An Interview with Barry Blitt in Connecticut

Photo credit: Wendy Carlson

This interview has been in the works since the January of this year and I couldn’t be more excited to be sharing it with all of you. Finally!

Barry Blitt is perhaps best known for his amazing New Yorker covers. In addition to many other things he’s also worked on Vanity Fair, Rolling Stone, The Atlantic and helped with the iconic Saturday Night Live cartoon TV Funhouse (which gave him a page on the IMDb).

Barry was nice enough to answer a few questions about how he began with art, who has influenced him along the way, and his experiences working on the New Yorker, so let’s get right into the interview.

How did you get started with art and, in particular, watercolor?

I got started with art like all kids did — scribbling as a small child. I liked drawing cartoon characters; Popeye particularly. And copying caricatures from Mad magazine. And my grandfather was an amateur oil painter — he liked to copy Norman Rockwell pictures. He was particularly encouraging to me, and I guess the positive reenforcement kept me at it. I don’t believe I got into watercolor until I saw Bruce Stark’s great, colorful sport caricatures — I was 14 or 15, and drawing a lot of hockey players [I’m Canadian, and what else was I going to do but draw hockey players?] and his work inspired me to try and mess with a winsor newton pan set. [not entirely convincingly, of course]

MLK by Barry Blitt

How may your tools have changed from the beginning?

Somewhere along the way I became a pen and ink man. It’s definitely a love/hate relationship, there are plenty of days when I go through countless nibs [and curse each one of them]. I drew photo-realistically, in pencil, before I stumbled into pen and ink, which I find match the spontaneous, cranky tone of my work better than the subtle pencil shading of 6B pencils. And of course, coloring in my images with watercolor, that’s a pleasure. Once the line work had been put down, even a tight pen drawing can be loosened up somewhat with some watercolor that doesn’t stay inside the lines.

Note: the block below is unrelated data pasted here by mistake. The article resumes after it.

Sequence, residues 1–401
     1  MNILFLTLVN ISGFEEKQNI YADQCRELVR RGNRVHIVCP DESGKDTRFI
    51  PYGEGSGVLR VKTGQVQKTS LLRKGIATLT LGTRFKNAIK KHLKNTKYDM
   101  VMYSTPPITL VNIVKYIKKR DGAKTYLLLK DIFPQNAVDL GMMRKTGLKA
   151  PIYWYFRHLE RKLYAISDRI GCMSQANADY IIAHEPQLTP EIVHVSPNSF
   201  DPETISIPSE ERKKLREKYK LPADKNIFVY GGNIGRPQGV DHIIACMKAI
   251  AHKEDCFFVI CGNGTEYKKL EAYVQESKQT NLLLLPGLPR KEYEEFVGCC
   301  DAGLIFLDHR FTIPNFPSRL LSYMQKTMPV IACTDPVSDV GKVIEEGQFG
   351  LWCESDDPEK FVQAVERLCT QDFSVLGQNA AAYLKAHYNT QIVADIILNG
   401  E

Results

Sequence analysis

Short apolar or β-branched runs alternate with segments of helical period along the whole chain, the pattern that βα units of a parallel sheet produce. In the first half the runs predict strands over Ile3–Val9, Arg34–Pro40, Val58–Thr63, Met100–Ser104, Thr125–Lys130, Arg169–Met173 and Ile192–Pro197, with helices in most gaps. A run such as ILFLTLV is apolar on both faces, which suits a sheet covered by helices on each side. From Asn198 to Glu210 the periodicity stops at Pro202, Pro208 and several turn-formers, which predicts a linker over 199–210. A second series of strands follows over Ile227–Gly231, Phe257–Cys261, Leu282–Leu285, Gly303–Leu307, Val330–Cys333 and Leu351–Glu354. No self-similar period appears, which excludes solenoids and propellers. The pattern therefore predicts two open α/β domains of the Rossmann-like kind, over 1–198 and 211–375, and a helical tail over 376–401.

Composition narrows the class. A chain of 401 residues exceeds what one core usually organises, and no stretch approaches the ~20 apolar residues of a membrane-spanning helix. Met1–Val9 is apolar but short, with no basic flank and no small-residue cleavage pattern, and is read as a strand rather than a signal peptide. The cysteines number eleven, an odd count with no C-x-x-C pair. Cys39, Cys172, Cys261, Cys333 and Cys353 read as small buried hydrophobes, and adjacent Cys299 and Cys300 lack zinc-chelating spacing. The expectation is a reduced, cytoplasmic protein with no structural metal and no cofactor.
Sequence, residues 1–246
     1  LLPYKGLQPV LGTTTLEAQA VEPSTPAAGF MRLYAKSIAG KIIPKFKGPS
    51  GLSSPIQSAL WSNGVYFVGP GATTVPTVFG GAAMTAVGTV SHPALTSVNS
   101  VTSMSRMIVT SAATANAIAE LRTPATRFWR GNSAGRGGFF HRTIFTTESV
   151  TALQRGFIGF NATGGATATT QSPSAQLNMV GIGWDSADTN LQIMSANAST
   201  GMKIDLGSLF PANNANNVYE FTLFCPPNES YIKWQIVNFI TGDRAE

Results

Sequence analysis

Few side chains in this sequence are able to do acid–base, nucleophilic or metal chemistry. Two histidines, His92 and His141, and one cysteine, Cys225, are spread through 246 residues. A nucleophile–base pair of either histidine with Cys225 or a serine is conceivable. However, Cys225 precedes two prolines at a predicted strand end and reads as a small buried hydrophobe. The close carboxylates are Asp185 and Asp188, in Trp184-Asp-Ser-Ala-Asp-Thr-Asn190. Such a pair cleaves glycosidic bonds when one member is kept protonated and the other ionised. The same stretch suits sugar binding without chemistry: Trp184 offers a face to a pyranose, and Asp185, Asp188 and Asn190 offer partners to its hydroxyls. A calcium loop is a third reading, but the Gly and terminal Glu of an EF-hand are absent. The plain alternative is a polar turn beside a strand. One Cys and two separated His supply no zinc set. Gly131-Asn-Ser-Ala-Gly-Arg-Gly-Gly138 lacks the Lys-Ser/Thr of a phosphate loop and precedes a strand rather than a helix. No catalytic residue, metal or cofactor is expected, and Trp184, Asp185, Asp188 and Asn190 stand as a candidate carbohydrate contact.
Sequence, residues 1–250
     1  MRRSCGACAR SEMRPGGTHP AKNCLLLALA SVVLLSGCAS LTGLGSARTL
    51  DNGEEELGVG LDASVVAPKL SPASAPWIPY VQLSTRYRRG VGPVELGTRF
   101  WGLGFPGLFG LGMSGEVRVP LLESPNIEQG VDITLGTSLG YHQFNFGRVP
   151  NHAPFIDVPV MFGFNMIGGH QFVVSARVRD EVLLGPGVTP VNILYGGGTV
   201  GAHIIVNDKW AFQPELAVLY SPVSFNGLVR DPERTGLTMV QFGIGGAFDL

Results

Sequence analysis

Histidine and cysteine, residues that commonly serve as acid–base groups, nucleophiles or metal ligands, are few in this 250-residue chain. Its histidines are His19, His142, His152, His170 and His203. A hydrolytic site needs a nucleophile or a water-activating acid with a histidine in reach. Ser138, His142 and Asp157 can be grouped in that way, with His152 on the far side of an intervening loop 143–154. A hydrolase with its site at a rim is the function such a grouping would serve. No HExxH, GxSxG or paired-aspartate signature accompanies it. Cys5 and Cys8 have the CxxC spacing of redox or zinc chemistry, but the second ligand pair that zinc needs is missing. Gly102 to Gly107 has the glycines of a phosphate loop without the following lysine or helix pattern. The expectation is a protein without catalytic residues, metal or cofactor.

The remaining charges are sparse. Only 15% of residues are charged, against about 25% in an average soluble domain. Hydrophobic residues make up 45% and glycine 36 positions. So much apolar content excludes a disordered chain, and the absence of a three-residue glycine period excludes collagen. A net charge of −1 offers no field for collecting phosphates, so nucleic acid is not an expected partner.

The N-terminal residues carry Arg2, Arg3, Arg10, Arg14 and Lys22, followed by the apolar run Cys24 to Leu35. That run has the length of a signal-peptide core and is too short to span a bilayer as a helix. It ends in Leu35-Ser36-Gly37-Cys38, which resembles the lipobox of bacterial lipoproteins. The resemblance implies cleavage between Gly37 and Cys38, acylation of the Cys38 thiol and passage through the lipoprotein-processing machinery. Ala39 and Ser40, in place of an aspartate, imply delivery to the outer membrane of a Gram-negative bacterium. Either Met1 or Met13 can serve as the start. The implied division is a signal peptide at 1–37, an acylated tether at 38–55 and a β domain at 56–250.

[actually, another trick I like is to mix the india ink I’m dipping my pen into with some non-waterproof colored ink – say, sepia or red, etc. When it’s time to lay down a wash over the drawing, the line will bleed a little. It’s a nice effect [if you don’t let it get too sloppy].]

I first saw your work on the New Yorker. What has your experience been like to work with the New Yorker and did you always know you’d be doing this sort of work for a living?

Working with the New Yorker has been a great experience. I’m encouraged to come up with ideas of my own, and the art people I work with — Francoise Mouly, who edits covers, and Chris Curry, who handles interior illustration, are inspiring and smart. I didn’t always know I’d be doing this sort of work for a living, god no. And I’m still expecting someone who looks like they’re in charge to walk into the room at any moment and tell me to stop, I’ve had my chance, the fun is over.

Carnegie by Barry Blitt

Which artists have been the most influential to you and have you stumbled across anyone new lately that you’d like to share?

I mentioned Bruce Stark. Later, I became very influenced by the work of the great Edward Sorel. And Alan E Cober as well. I’ve also been very lucky to have a circle of friends whose work inspires me all the time – artist like Joe Ciardiello and John Cuneo, Tim Bowers, Rob Shepperson. Great people, and nice to talk shop with.

Aside from watercolor and art, what other hobbies do you have?

Hobbies? Well, when I’ve applied a swath of watercolor to a page, and it’s going to take a little while to dry, I’ll often run over to the electric piano and pound out some chords. A lot of illustrators and cartoonists are amateur musicians, and it’s not hard to see why: the immediate gratification and improvisational fun found in making jazz or popular music is a nice antidote to the patience it takes to execute an image that tells a story in an exacting technique like watercolor.

Thanks to Barry for taking time out of his busy schedule to share with us.

Be sure to check out his web site, his contributions to the New Yorker, or his interview with none other than Terry Gross of Fresh Air.